Women’s struggle for freedom: Discussing Lauretta Ngcobo’s Novel

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On Sunday, 30 October 2022, the 14th Jozi Book Fair became host to a powerful feminist dialogue rested on icon, Lauretta Ngcobo’s And They Did not Die. The conversation unpacked the unwaving spirit of solidarity, strength and challenges women displayed to triumph during the apartheid. The discussion brought together women from different walks of life, amongst them was Barbara Boswell who is an Associate Professor at the University of Cape Town; Project Coordinator at Jozi Book Fair Nosipho Mdletshe and the Moderator of the dialogue, Poppy Makhubo a content creator and Creative Manager at Habitat 61 Creative Hub. They were joined by poet, writer and activitist based at Khanya College, Naobi Dube and Andile Ngema a Community Health Care Worker from the Gauteng Community Health Care Forum.

The conversation drew on several topics including the theme of the book, that the ‘personal is political’, bantustan women’s struggles during the apartheid era, the double oppression towards women and the exploitation of workers by Capitalists.

Boswell opened the conversation by unpacked the theme of the book – the ‘personal is political.’ She referred to the fact that everything women do in their personal lives, to liberate themselves from the patriarchal system eventually becomes political and vice versa.

This statement set a very firm tone for speakers and audience at large about the strengths and the impact women had and still have in the history of South Africa. Dube highlighted the spirit of solidarity these women had towards one another in fighting apartheid laws, how their church gatherings became their safe space to talk about their social problems. During these gatherings, wrote Ngcobo, Jezile and the other women made collective decisions not to conform to the apartheid pass laws. They collectively boycotted the law.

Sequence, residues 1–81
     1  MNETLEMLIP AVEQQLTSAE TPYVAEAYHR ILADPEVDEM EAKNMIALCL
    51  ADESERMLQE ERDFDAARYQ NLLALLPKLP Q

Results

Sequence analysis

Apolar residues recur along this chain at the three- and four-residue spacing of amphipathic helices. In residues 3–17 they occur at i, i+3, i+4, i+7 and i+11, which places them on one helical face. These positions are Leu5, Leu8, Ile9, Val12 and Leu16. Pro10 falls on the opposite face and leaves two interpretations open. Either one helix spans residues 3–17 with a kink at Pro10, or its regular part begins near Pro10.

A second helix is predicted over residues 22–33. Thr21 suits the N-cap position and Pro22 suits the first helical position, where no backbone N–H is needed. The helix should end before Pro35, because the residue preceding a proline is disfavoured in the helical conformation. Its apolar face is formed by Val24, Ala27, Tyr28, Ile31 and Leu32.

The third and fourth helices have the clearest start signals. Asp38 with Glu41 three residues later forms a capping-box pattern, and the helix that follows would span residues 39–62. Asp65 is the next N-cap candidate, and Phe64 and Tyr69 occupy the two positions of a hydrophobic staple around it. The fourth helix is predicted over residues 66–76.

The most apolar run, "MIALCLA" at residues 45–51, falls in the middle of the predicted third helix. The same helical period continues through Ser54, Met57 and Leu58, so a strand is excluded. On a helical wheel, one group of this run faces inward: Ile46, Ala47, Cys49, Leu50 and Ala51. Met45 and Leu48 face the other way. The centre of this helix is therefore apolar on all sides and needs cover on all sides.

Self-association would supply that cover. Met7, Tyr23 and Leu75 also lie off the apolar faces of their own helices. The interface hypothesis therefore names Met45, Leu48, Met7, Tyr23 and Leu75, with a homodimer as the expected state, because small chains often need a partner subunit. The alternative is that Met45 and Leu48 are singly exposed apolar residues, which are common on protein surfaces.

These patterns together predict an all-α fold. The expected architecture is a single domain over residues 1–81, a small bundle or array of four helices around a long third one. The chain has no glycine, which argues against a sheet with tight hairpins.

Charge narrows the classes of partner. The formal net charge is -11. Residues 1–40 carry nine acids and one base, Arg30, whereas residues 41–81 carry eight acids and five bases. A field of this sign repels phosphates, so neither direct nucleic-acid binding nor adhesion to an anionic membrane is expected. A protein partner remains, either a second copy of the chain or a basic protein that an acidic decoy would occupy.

The book also zooms on how customary law and apartheid law conspired to oppress women. Boswell explored the role women played in advancing Patriarchy. She alluded to the fact that “men are not the only practitioners of patriarchy, women also engage in patriarchal behaviour.”

In the book this is evident with MaBiyela who is Jezile’s mother in law. MaBiyela pressurised Jezile to fall pregnant to validate her status in society, she also watched over her while her husband was in the city for work. In this context we see the mother in-law as the head of the household, watching everything step daughters-in-law took while their husbands were away. The mothers-in-law were the enforcers of culture and tradition to protect their sons’ legacies.

Makhubo explained how women were fighting apartheid oppression but losing the battle in their personal lives. During those days, women’s success and identity were defined by marriage and having children, Makhubo explained, this being the main way women gained status and recognition in society.

The conversation also drew comparisons between women during apartheid era and today. The fact that nothing has really changed is disheartening, women are still disempowered in their personal lives. “Women are still sacrificing themselves to advance the patriarchal system,” exclaimed Ngema. “We still see how the pressure of managing families still lies on women bearing children,” she added.

The dialogue further explored the consequence of the apartheid laws on black families. The apartheid system tore the fabric of African families, it did not allow African families to thrive, explained Boswell. Women were not allowed to visit their husbands as they wished, the permission system degraded and humiliated these women. The system was not easy at all for men too. The work conditions were degrading, workers such as Siyalo and others had to sleep in corridors and were exploited to maximise profits.

Women’s strength and their resilient spirit was the centre of the dialogue. As the title goes, “And they didn’t die”, the book highlights women’s contributions and undying spirits in conquering those struggles.

Indeed, they didn’t die, we still see their spirit in the current fight against the scourge of gender-based-violence and systems oppressing women.

This article was submitted on 30 October 2022. You may republish this article, so long as you credit the authors and Karibu! Online (www.Karibu.org.za), and do not change the text. Please include a link back to the original article.

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